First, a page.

AI WEIWEI: REVOLUTIONARY OR COMMODITY?
Has China succeeded in blunting the artist’s cynical edge?
by Peter Yeung
Ai Weiwei is a rare kind of artist, never before seen. Who else could fill England’s stately, picturesque Blenheim Palace with a sea of porcelain crabs, or Alcatraz prison with carpets made of lego? With his tightly cropped hair, grizzled, black and silver beard, pot belly, and imposing stature, Ai looks the part of an outsider. His army of followers is certainly testament to the inspirational influence he has had on Chinese citizens, and fellow protagonists abroad. But how long will this influence last?
In many ways, Ai is the West’s dream: a staunch critic of the Chinese government, while working in the lineage of Western art history. He drives an outspoken wedge between these global powers. Perhaps that’s why the label “dissident-artist” has adhesively clung to the lionhearted 57-year-old, whose art making and philosophy is radically politicised, deeply cynical, and – at times – has a deeply nihilistic streak running through it. This sense of audacious unpredictability and fearless subversion marks Ai out as a sui generis contemporary global artist, and ensures that he remains a nagging thorn in the side of the world’s most powerful economy.
An intriguing suggestion made by the Smithsonian magazine is that Ai is China’s most dangerous person. The man born in Beijing, and brought up during the terrible, traumatic social-cleansing era of the Cultural Revolution, embodies paradoxes. His father, the admired poet Ai Qing, had a personal relationship Chairman Mao himself, yet Ai’s raison d’etre can almost be summed up as a challenge to the Chinese state – using artistic modernism to fiercely question socio-political status quos. The Chinese government tried to champion Ai – who helped design the “Bird’s Nest” stadium – during the 2008 Beijing Olympics, yet he continues to critique their oppressive practices.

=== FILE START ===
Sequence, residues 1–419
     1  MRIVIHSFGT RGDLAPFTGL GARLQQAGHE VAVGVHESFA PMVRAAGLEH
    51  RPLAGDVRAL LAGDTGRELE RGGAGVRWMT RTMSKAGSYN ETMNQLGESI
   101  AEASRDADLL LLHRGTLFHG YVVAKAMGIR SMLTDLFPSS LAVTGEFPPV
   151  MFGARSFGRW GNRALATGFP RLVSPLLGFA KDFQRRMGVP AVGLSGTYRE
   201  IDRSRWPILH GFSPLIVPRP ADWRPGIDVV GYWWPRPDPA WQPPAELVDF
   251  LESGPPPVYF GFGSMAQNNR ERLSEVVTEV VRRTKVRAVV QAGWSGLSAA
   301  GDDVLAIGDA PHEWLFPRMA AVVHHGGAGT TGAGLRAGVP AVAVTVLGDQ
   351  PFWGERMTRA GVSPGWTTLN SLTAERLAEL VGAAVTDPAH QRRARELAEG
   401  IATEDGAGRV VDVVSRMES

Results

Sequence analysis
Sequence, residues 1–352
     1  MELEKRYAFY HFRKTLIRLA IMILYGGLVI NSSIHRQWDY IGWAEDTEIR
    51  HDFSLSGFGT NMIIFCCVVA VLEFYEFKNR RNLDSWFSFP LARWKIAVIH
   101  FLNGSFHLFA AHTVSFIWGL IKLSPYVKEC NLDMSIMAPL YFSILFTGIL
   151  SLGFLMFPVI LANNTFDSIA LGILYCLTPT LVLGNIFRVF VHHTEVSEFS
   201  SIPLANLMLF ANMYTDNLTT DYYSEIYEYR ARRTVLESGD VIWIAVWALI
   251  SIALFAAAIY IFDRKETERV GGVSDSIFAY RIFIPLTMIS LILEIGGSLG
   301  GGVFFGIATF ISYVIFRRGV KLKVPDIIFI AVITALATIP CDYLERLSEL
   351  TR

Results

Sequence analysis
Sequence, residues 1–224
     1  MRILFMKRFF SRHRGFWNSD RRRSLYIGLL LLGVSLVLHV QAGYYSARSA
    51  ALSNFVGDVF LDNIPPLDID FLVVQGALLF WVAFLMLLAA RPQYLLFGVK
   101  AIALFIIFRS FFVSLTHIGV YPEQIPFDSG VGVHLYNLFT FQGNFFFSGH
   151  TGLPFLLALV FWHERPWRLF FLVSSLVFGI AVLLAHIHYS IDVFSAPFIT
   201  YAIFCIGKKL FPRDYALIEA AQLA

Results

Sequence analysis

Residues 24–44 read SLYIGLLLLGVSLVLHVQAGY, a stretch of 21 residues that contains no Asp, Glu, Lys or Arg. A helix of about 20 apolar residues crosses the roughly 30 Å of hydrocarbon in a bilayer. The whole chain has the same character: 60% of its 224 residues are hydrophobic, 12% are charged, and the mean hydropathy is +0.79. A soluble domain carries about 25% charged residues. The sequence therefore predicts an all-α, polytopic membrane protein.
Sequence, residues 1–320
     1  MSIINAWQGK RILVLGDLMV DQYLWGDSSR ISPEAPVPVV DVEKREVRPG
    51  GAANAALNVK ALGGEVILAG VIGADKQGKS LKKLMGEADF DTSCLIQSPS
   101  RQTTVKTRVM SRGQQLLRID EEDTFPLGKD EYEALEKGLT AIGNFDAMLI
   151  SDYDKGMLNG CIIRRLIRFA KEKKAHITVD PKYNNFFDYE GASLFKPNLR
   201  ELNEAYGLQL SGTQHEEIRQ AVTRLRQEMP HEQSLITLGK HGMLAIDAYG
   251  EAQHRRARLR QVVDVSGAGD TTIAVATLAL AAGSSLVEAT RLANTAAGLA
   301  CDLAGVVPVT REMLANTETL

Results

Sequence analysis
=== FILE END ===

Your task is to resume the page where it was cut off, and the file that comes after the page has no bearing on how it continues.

It’s Ai’s ability to re-appropriate this oppression to make art, along with his acerbic sense of wit and pitch-black humour that enlivens the Beijing artist’s work. In reaction to a brain haemorrhage-inducing police attack, for example, Ai created an ink-jet print of the MRI of his brain. Whereas, his ambitious Alcatraz exhibition allows visitors to sit in a tiny concrete cell and listen to the works of fellow dissidents, such as anti-Apartheid singers and anti-Soviet musicians whose work led to their imprisonment.
It is perhaps puzzling, then, that the man that was just a few years ago named by ArtReview as the most powerful artist in the world appears to have lost his cutting edge. Ai’s recent fashion collaboration with Dover Street Market, after V Magazine had asked him to photograph fourteen outfits for an editorial, doesn’t exactly have the same radical message as when the artist famously smashed priceless, millennia-old Han dynasty urns. Meanwhile, his appearance in the 2014 documentary “Marc Quinn: Making Wave”, featuring a whole scene where Ai and Quinn photograph each other on iPhones incessantly, risks caricaturing the previously revolutionary bastion, much in the same way that Marina Abramović has perilously flirted with celebrity, at the cost of artistic integrity.
The fact that Ai had his passport confiscated three years ago and is under 24-hour house arrest and surveillance certainly goes some way to explaining the restrictions put on his artistic output. His recent international work has had to be explained and constructed through sketches and notes. Yet some of Ai’s recent missteps suggest that the Chinese state’s approach is working to an extent. They never quite know whether to treat Ai as an asset or dilemma, always fearing that he may become a martyr or symbol of the struggle for human rights in China, exposing their hypocritical rhetoric.
A telling sign, however, is the kneejerk reaction China often enacts. Just this month, a T-shirt about Ai Weiwei was banned from being sold. Playing on the fact that the Chinese character for Ai’s surname and “love” are homonyms, the slogan wittily proclaimed: “Love/ Ai Weiwei Can't Be Here". They know that this artist, who will utilise any medium (sculpture, found-objects, photography, performance, architecture, and tweets) remains a threat, even with his hands tied. With a major show announced at London’s Royal Academy next year, the question is, will this modern phenomenon become blunted, or will he return to his serrated, cynical edge?